Peter's Personal Bike - Not for Sale
Heavily influenced by Jon's upright riding Stumpjumper, I wanted a big, strong, stiff city bike that I could also ride on the dirt. Though I wouldn't be comfortable climbing the steepest hill or bombing a rough downhill, the Cinelli has proven stable and worthy for the occasional urban mountain biking challenge or fire road exploration. It is the perfect bike for exploring Taylor Yard and the Ruff Side of the LA River.
Coco's buddy Charlie tipped me the Cinelli on San Diego craigslist about a year ago. It was equipped with low grade steel Shimano 7 speed stuff and I believe the only parts I kept were the frame, fork and saddle. It was not an expensive bike back in the day and it had been poorly maintained in a beach city, so it makes sense that most of it was ready to be replaced.
The key to this build is to get the bars up and wide. This can be accomplished in a variety of ways. At the absolute cheapest, you would look for a used, tall steel MTB stem and a $15 seat of Wald steel bars. Of course, you will probably have to re-cable the brakes and shifting as the change in height and width will effect cable reach.
One step more expensive, in a Taiwanese way, would be to use a Kalloy version of the Nitto Dirt Drop/Periscopa stem and a Soma version of the Nitto Albatross. These components are of nice quality, though not as beautifully finished as the original Nitto versions. We go this route quite frequently as you can see from this Stumpjumper that we built.
The Kalloy Dirt Drop/Soma Albatross-esque is pretty elegant. Very nice for a city bike. But, when the bar gets that wide, it adds some flex.
Beautifully finished welds
For dirt riding, I wanted something stiffer. And though the Nitto/Rivendell Bosco bullmoose bar is the more expensive option, it is really cool, really beautifully finished and not that expensive at $155. Remember, this is stem and bar, so that will help mitigate the $155 shock. You can read more about the bar at Rivendell. The US distributor for Nitto has been out of them for some time (Hi Joe!), but we hope to have them back in stock soon.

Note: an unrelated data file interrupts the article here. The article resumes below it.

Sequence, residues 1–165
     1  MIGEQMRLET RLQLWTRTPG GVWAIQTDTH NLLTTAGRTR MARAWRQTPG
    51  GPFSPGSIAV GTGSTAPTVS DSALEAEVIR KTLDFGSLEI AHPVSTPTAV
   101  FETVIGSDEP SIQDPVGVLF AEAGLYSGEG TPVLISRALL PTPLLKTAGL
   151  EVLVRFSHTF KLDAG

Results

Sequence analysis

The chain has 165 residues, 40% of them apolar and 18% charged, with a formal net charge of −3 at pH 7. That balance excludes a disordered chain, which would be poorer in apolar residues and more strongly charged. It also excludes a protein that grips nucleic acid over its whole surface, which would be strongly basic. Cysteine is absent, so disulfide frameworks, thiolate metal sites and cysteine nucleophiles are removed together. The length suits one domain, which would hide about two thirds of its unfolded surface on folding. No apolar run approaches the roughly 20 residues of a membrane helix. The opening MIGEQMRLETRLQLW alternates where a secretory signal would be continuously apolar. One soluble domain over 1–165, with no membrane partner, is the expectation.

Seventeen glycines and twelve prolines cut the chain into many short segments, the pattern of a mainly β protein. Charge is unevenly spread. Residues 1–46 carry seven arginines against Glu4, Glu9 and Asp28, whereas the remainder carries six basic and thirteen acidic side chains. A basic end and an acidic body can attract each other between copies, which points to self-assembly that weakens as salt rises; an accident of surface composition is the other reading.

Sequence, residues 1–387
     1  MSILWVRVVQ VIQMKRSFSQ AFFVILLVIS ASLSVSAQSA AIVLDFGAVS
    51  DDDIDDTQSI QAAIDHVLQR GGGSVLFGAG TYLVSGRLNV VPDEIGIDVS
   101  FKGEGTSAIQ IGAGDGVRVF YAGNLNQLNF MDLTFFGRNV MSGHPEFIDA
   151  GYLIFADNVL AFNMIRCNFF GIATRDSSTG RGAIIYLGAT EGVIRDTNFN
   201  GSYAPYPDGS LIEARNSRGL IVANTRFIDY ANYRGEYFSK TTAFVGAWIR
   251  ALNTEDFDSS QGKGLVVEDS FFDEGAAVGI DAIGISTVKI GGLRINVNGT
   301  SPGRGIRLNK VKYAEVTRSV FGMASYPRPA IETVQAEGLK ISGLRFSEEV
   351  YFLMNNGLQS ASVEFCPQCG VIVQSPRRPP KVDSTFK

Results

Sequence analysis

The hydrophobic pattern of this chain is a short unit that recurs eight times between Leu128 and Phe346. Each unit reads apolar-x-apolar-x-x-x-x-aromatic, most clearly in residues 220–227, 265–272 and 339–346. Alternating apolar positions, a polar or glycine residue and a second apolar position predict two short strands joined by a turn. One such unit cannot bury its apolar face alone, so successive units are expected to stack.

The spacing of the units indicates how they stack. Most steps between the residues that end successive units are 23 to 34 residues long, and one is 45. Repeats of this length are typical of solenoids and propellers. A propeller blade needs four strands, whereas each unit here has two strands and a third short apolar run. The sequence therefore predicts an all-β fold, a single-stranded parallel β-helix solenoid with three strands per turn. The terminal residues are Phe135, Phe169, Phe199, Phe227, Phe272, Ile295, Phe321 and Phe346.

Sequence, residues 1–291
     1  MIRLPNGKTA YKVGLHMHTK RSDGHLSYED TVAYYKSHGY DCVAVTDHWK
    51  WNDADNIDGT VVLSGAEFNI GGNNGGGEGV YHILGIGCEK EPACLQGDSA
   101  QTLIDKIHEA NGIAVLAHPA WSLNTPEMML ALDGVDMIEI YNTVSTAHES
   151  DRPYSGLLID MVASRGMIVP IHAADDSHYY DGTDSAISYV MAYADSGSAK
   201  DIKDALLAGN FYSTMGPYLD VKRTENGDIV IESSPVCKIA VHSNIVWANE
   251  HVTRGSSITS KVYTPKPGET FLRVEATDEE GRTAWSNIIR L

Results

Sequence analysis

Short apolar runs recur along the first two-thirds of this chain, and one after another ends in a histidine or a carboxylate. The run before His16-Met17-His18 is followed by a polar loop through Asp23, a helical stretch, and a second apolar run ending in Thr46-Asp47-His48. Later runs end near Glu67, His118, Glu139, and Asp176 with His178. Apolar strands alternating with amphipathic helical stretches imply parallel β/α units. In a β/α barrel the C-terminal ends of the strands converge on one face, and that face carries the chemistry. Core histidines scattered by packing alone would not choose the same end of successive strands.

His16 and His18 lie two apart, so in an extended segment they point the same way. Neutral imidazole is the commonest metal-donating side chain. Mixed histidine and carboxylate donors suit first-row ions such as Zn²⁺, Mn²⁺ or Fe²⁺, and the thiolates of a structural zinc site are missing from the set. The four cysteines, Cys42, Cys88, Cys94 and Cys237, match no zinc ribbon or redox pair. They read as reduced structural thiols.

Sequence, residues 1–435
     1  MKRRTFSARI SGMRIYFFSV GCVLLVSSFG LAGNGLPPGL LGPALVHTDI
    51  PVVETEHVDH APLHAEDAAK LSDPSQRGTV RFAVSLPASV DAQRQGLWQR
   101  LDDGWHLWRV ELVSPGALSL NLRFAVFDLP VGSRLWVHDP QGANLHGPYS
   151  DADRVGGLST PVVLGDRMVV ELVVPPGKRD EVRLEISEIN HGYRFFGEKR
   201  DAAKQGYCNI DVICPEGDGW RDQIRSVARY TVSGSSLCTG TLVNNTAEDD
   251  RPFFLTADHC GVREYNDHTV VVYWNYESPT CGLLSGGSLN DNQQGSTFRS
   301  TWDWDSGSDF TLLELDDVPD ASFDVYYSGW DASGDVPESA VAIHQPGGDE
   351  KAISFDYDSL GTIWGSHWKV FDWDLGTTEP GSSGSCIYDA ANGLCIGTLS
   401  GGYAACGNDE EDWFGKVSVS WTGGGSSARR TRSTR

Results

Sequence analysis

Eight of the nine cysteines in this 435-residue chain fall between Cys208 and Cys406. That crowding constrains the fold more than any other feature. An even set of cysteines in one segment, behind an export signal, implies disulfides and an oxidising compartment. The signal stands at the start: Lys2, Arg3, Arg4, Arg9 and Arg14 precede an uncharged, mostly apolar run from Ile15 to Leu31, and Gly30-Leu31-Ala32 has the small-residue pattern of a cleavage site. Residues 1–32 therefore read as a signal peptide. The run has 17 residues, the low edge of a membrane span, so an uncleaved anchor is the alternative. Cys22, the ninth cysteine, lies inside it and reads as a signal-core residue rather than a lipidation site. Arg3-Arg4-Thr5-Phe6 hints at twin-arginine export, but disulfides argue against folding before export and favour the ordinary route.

We have not equipped used bikes with this bar as it adds so much to the build, but maybe we should try to build one when they get back in stock. Build something modest, ugly and cheap into something very comfortable and practical. Spend more on the bar than the bike which makes complete sense to me. Easier to say than it is to do. I often hear, "I don't care what it looks like, I just want it to work," but when it comes time to open the checkbook, it is hard to fork out the money for something that is ugly and doesn't make you smile. Stay tuned as we try to find a middle ground of cost, refinement and aesthetics.
Though the bar has a long back sweep, it is still pretty compact in terms of fitting a grip, brake lever and shifter. Best to use an integrated pod with both shifter and lever. I have a 8-speed XTRs (Hi Joe, again! Thanks!) but if you were building on the cheap, any indexed 7 or 8-speed would work. If you are going to use separate levers and shifters, it would be sensible to use a set that were meant to go together as they will fit snug.
I love Suntour and Shimano Deerhead friction shifters, but I think the indexed pods is the way to go. You may disagree, I am interested in seeing your build and I could be convinced otherwise. In fact, Jon now has the same bar and I can't remember what he used.
Inexpensive Tektros 720s, but you could totally use whatever cantisor v-brakes you have. I like these cheap Tektros as a new option as they come with nice cartridge pads and they are available in silver.
I currently have Continental Explorer knobbies but I would prefer the Continental Town and Country tires. I have the Explorers as I wanted to ride on dirt and, as they were in my used tire stack in the basement, they were the most economical choice. The Town and Country would not be as capable on dirt, but would be much smoother on the streets. Besides, the knobby makes the most different when you are climbing and it is not a great bike for the steep stuff.
Rest of the build is sort of like making breakfast with leftovers - use what you have. Of course, it is never as easy as that, as everything needs to work in harmony, but it is definitely a mixed bag.
The fact that it is a Cinelli gives it some panache. The Italian manufacturer's jumped into mountain biking when they felt they had to and then jumped right back out though not before Campagnolo designed the ugliest group in their history. It is a nice frame, feels good and looks great, but honestly, any long top tube steel mountain bike of the era would do the job just as capably. I am a sucker for the faux-Aztec graphics.
When I bought it, I didn't know that Keith Haring rode a Cinelli MTBFever. Our man Tonkery tipped me to the Haring/Cinelli MTBFever connection after I circulated pics of my latest score. Good enough for Keith is good enough!
Frame/Fork: Cinelli Tamputocco
Headset: unknown parts bin
Bars/Stem: Rivendell/Nitto Bullmoose Bosco CrMo
Brakes: Tektro 720
Cranks/Chainrings: Sugino triple
Pedals: MKS Lambdas
Wheels: modern Deore laced to Sun CR-18 with Deore skewers
Cassette: unknown 8 speed Shimano
Tires: Continental Explorer
Front derailleur: unknown Shimano with a 9-speed decal
Rear derailleur: XTR
Shifters/Brake Levers: XTR 8-speed
Bar ends: Cat Eye
Seat post: unknown parts bin
Saddle: Cinelli MTB
Rear light: Lezyne